Discussion in 'Suicidal Thoughts and Feelings' started by mistysautumn, Nov 10, 2009.
What are the things that have affected on your opinion? Name books, music, movies and other stuff.
For me it's:
a) Books - Paulo Coehlo - Veronika Decides To Die
b) Music - The Cure
c) Movies - Happiness, Prozac Nation, The Hours.
For me, it's these 5 scientific reasons not to kill yourself
1. Your feelings are all chemicals
Anguish over the loss of a loved one or feelings of helplessness have complex roots. But in the end they make you feel bad because they adjust your brain's chemistry. Happiness and its opposite are both electro-chemical reactions; those reactions are temporary and ineffable, and could even have hidden benefits. The symptoms of depression, for example - lowered energy, decreased willingness to engage with others - could be an evolutionary response to a pressing need to change your life, to get over a loss or make a drastic improvement to your personal situation. Depression provides exactly what you need (calmness, lack of interference) to reassess your life and make positive changes.
2. Your teeth were made in stars
Except for hydrogen and helium, elements require such extraordinarily high temperatures to form that they can only be created in the stars themselves. That means all elements in you - the carbon in your skin, the calcium of your teeth - were born in the collision of atoms in a star. All that comprises you comes from way beyond your street, your country, and your planet. Makes those insurmountable concerns of your daily life seem a little less so.
3. Many, many creatures are depending on you
You are literally never alone. While there are roughly 6.7 billion people on Earth, you may not feel that many of them at all care very much about your existence. But within your colon alone are living at least 1012 billion organisms, or roughly a thousand times the number of people on the planet. Stop your metabolic processes, and you stop theirs.
4. Rejection is a sign of progress.
Pick any scientific field, and you'll find that those snubbed by their communities, left feeling alone and despised, were often those on the forefront. Mendel presented his treatise on pea genetics and died virtually unknown - and the idea of the predictable inheritance of genetic traits only achieved wide acceptance eighty years later. Don't conflate feeling outside those around you with being worse than them.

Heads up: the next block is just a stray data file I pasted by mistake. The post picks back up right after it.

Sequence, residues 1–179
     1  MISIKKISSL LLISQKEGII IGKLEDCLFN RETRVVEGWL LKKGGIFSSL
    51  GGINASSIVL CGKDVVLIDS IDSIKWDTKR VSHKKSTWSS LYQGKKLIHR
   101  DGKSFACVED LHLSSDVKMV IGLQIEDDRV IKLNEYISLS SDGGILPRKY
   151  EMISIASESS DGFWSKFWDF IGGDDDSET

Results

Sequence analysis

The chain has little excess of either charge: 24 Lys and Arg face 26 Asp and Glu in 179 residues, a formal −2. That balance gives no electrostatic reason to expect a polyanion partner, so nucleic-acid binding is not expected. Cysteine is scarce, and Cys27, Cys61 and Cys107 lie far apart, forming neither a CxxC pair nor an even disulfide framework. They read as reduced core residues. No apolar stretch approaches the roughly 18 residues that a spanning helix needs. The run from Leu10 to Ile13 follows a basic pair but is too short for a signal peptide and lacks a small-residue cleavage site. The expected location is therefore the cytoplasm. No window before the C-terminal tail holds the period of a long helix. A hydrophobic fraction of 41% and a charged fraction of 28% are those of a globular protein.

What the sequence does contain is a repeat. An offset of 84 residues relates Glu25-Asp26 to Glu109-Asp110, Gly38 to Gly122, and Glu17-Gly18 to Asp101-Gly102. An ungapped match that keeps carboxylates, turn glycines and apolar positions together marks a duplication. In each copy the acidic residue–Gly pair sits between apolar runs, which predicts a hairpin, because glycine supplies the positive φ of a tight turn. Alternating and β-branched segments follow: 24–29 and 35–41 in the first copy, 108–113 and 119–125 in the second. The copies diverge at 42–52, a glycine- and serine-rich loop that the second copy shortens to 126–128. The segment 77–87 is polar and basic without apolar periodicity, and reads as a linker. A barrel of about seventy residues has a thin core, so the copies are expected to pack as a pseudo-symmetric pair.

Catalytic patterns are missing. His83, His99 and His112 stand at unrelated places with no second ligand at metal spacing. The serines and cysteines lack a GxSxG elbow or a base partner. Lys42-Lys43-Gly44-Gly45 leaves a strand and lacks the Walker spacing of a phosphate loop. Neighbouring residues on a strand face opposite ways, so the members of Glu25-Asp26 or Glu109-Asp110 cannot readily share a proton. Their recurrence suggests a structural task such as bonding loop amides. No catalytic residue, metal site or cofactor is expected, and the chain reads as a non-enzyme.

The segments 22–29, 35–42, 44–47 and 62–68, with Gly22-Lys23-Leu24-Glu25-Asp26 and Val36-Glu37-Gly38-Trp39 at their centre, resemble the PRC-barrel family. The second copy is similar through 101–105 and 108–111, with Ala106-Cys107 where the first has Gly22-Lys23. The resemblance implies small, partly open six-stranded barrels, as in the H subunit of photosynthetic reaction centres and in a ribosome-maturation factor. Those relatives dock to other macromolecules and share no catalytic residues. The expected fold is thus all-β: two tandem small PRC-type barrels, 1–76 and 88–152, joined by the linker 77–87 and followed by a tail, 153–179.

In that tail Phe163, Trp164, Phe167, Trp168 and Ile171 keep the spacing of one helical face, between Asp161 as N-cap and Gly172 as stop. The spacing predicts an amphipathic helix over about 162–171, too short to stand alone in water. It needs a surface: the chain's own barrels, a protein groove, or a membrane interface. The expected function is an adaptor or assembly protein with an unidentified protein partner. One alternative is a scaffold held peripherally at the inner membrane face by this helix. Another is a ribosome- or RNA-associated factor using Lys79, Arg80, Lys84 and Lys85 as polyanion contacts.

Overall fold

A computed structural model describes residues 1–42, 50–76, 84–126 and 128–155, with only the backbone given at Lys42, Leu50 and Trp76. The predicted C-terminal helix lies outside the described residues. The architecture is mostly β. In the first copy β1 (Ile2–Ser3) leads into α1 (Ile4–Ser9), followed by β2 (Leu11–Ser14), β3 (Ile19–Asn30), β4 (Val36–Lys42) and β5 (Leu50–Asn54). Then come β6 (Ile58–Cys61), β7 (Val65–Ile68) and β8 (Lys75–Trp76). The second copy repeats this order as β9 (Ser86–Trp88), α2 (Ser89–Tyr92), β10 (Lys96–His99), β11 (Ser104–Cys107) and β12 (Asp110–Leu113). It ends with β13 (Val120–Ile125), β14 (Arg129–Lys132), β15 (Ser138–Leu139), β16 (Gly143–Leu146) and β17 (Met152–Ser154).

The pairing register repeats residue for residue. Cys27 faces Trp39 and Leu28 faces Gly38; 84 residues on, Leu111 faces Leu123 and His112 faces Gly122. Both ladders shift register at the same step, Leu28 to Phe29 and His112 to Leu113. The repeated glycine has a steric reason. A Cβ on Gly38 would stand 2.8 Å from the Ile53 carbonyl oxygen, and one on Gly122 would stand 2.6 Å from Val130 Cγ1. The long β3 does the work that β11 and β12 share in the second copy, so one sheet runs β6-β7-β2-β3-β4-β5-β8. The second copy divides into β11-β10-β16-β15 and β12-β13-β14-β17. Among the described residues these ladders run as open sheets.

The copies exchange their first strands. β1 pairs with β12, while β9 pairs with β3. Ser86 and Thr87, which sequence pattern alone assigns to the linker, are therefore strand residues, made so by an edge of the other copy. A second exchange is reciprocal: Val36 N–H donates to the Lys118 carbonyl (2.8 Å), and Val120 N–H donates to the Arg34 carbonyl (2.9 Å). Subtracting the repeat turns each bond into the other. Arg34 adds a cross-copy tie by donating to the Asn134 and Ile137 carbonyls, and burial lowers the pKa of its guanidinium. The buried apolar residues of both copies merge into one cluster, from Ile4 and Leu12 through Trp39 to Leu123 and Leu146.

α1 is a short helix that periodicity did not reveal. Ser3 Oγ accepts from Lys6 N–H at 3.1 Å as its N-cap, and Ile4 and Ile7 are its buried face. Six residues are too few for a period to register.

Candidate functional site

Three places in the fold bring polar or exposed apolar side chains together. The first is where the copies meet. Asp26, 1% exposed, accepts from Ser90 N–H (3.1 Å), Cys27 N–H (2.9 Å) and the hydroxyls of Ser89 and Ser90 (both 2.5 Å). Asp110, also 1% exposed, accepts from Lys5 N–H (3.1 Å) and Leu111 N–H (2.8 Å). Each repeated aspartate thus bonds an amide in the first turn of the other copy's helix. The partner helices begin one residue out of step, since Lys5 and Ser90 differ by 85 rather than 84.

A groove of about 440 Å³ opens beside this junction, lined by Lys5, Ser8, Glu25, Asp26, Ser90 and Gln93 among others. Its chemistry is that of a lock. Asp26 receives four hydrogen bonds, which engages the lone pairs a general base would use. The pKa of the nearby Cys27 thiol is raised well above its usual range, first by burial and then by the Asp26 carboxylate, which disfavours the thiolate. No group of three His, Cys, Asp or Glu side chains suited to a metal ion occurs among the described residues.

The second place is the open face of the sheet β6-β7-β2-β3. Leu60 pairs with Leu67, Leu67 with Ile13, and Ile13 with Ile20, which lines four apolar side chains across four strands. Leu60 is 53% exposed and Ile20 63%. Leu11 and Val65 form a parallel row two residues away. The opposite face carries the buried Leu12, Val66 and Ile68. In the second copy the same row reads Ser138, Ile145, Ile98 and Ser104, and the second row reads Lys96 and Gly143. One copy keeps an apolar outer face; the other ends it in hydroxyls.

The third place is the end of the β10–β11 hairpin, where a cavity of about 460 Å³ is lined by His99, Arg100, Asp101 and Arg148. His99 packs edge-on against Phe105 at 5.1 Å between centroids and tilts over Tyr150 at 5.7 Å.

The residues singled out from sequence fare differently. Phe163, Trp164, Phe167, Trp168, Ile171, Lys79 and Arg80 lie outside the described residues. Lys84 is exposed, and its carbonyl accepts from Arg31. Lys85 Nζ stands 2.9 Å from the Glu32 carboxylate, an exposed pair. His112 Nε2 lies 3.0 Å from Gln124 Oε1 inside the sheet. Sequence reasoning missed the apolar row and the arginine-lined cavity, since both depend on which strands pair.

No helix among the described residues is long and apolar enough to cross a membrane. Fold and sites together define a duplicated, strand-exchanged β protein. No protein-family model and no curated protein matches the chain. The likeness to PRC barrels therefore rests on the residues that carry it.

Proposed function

5. Pick a leaf, and it's all your own.
If you live in the right climate, take a walk down a leafy street this fall. Those leaves, triggered by a sequence of amino acids in DNA and growing in a startling combination of symmetry and individuality (much, that is, like you), face the sun for a time and then fall away. You can assume that the leaf you see let go of a branch and fall towards the ground has never been considered by any being but yourself. Catch it in your hand - or, even better, keep walking until one falls into your reach naturally - and it will have spent its whole time on the planet without ever touching the ground, only because of you.
1. The President of Zimbabwe and his gang of thugs.
2. Racist Africans
3. Police and Army Brutallity
Outreach person when I was a teen. (38 years ago)
"Woman and Nature: The Roaring Inside Her" by Susan Griffith. Not sure I got the author name correct cause I can't find my copy. This book reached into the deep places in me and allowed me to recognize myself in this screwy world.
"Raising Self-Reliant Children in a Self-Indulgent World" by H. Stephen Glenn and Jane Nelson. This book explained so much about why everything was such a mess around me.
The Bible. This is where I got my backbone to live life. Many of the fears I use to have are gone. Proverbs is a good book. Its full of the little sayings that help one in life. I began asking God to teach me. I asked God to show me who he is. Job chapters 38 - 41 have direct quotes from God.
In 1995, I asked God to be my father when my own father died. God takes very good care of me.
Future Shock describes how accelerated life affects life because of rapid change. This helps when trying to understand the impact on me. I learned to let a lot of stuff go. Trying to keep up is insanity producing.
"Gifts From The Sea" by Anne Morrow Lindburgh. She describes the stages of life using items she finds on the beach during her vacation. I first read this when I was 15. At different times in life, I have reread it and new meaning leaps from the pages.
"Alcoholics Anonymous" is a very helpful book.
I imagine I could go on and on with this list, but I think I would be here all day.
These all have good results... Meaning they help me not think negative thoughts...
1. My family
2. My music (that I create)
3. Friends... My good friends, not the shitty ones...
4. Marijuana, X (Really opened my mind in a good way), alcohol (gets me loose)
5. Meditating. Not meditation, just thinking about the universe and all that.
6. Imagining what I could be and going for it.
7. Music in general, it's brilliant what sounds can make you feel.
8. Love and all things included
The book An unquiet mind was a really good read to me. It's a autobiography by Kay Jamison, who is a psychologist, about dealing with her bipolar disorder and other things in her life. I can't remember who, but it was recommended by another member on here. Whoever it was, thank you!
I also enjoyed The Bell Jar by Sylvia Plath.
For the most part I think, my opinions on depression and suicide was formed by a lot of research (mostly online) and also by observation of every day life.
"Emotional intelligence" and "Plato, not Prozac" - books
"Contact", "K-Pax" , "Space Odyssey" - movies
learning to use the computer and internet